Asian Currencies: Expect More of the Same

Nov.12.09 | About: iShares MSCI (AAXJ)
There may be much back-slapping over the fact that Asian-Pacific finance ministers have endorsed market-oriented exchange rates, consistent with the op-ed piece in Thursday's Wall Street Journal by the US Treasury Secretary and the finance ministers from Indonesia and Singapore.
But actions will speak louder than words, and there is much precedent for lofty platitudes to be followed up with little action. Mostly thunder, little rain.
A survey of the currency regimes in a number of East Asian countries reflect a reluctance to embrace market driven foreign exchange rates. Managed regimes are the rule, not the exception. Although APEC seemed to largely sidestep the issue about the Chinese yuan peg, there is speculation that China is signaling a change in its stance.
Recall that after allowing the yuan to appreciate for the three year stretch from July 2005 through July 2008, it has essentially been re-pegged to the dollar. In the PBOC's quarterly monetary report posted this week was a commitment to improve the management of the exchange rate by taking into account changes in major foreign currencies not just the dollar. This sounds like a return to the basket approach which it had opaquely said it used previously. At the same time, the PBOC dropped the official mantra that it desired to keep the yuan "basically stable at a reasonable and balanced level."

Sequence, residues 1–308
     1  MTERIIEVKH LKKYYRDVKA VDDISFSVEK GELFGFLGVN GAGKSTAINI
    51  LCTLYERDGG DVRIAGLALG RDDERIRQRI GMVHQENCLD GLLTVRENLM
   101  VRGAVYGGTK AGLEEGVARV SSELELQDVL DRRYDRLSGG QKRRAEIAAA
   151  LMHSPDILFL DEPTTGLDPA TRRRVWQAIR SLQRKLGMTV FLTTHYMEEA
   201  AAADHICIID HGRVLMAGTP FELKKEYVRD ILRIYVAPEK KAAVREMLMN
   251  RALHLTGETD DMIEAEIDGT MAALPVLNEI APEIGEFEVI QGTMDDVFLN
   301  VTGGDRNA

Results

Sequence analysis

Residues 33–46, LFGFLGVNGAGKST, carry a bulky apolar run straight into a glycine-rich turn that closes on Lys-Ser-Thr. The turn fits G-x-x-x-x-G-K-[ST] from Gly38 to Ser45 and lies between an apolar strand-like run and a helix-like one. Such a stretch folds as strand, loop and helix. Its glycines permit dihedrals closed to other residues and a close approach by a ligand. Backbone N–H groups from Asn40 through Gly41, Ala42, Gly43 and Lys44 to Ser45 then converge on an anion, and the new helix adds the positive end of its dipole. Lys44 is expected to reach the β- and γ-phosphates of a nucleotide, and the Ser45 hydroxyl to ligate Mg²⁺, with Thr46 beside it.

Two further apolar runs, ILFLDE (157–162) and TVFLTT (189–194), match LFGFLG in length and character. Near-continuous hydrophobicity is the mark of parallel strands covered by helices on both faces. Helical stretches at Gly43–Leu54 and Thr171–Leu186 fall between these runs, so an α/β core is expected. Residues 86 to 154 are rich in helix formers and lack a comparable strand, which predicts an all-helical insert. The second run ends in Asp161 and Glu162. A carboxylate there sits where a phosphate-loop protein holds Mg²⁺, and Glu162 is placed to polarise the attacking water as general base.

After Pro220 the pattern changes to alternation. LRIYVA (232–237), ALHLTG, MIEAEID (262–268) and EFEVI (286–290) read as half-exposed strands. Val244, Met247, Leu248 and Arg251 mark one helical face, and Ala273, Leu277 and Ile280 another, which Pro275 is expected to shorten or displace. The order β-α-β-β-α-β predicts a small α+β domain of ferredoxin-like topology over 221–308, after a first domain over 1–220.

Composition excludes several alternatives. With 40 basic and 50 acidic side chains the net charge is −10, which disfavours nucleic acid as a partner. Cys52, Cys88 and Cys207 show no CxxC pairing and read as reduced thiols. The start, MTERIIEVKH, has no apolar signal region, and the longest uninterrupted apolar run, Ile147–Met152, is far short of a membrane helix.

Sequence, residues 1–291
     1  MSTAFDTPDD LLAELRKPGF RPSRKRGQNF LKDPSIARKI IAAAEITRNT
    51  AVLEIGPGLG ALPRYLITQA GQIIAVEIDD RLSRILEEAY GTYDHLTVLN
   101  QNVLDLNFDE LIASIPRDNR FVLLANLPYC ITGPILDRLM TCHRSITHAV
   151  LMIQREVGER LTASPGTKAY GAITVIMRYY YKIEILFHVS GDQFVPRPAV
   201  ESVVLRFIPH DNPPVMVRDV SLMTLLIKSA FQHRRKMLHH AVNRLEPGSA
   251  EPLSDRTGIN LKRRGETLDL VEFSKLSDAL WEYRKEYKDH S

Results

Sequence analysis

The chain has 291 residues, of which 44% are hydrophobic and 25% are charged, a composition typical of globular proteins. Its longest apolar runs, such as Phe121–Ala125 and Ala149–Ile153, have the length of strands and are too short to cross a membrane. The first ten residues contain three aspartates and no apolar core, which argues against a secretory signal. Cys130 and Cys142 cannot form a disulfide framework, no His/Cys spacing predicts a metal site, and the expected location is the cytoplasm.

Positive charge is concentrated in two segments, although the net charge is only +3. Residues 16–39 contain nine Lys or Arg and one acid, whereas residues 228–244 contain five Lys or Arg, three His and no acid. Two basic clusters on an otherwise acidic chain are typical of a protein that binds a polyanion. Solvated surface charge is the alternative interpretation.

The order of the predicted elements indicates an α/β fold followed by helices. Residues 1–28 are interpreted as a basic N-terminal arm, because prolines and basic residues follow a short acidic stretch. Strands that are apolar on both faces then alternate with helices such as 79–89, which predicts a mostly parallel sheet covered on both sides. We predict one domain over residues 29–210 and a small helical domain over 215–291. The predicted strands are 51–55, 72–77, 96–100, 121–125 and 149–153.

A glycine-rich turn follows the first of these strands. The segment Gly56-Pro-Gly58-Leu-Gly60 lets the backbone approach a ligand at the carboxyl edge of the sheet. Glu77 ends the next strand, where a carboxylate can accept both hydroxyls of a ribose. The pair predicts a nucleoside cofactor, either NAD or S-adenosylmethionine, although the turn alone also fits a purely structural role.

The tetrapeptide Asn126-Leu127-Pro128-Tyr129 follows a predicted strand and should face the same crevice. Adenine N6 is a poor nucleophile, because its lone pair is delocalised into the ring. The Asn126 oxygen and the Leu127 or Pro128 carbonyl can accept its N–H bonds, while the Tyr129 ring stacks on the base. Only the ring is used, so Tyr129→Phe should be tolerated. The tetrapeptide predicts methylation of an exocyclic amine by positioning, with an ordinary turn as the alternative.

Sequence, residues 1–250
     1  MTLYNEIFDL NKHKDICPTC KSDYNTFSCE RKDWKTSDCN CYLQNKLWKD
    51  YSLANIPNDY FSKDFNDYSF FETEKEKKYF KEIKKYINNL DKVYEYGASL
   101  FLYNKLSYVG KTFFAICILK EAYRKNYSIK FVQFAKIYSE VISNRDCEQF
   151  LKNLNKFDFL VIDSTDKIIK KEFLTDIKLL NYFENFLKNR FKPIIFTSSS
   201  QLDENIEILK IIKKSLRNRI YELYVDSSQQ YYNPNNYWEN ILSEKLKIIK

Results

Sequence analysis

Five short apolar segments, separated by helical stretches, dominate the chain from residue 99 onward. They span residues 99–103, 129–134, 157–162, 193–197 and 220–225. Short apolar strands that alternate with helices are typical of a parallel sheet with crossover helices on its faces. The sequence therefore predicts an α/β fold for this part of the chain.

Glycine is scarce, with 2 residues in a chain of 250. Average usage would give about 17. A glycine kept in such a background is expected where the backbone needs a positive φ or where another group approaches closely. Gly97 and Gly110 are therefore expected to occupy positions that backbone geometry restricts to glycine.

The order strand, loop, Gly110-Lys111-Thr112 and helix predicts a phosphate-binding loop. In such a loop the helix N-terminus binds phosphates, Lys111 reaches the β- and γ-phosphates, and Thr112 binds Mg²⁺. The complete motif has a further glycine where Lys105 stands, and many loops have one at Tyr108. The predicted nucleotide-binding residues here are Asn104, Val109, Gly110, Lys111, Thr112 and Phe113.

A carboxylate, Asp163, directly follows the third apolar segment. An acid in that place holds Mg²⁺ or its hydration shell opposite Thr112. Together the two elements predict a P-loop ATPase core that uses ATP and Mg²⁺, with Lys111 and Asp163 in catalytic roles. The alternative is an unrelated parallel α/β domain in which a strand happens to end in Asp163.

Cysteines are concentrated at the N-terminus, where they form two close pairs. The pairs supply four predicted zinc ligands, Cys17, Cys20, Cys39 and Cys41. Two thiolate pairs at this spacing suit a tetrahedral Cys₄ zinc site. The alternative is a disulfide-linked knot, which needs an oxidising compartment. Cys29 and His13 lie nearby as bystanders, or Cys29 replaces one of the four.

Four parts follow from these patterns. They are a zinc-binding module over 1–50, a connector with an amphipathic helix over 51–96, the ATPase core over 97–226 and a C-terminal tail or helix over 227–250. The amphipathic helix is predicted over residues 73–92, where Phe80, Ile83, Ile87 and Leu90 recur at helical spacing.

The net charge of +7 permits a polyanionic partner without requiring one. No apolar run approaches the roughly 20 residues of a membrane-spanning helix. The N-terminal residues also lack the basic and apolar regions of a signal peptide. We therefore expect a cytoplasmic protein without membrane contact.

The indicative pricing of the 12-month CNY non-deliverable forwards have been trending higher, suggesting larger anticipated appreciation, now about 3.3%. The timing of this would seem to steal some of U.S. President Obama's thunder from his trip to China, where he said he would raise the currency issue. Although yesterday's slew of economic data was constructive, neither inflation nor exports improved as much as the market expected and it is clear that Chinese officials still regard their fiscal and monetary driven recovery as fragile, as do other APEC and G20 members for the most part. It does not appear that significant yuan appreciation is a likely near-term scenario.
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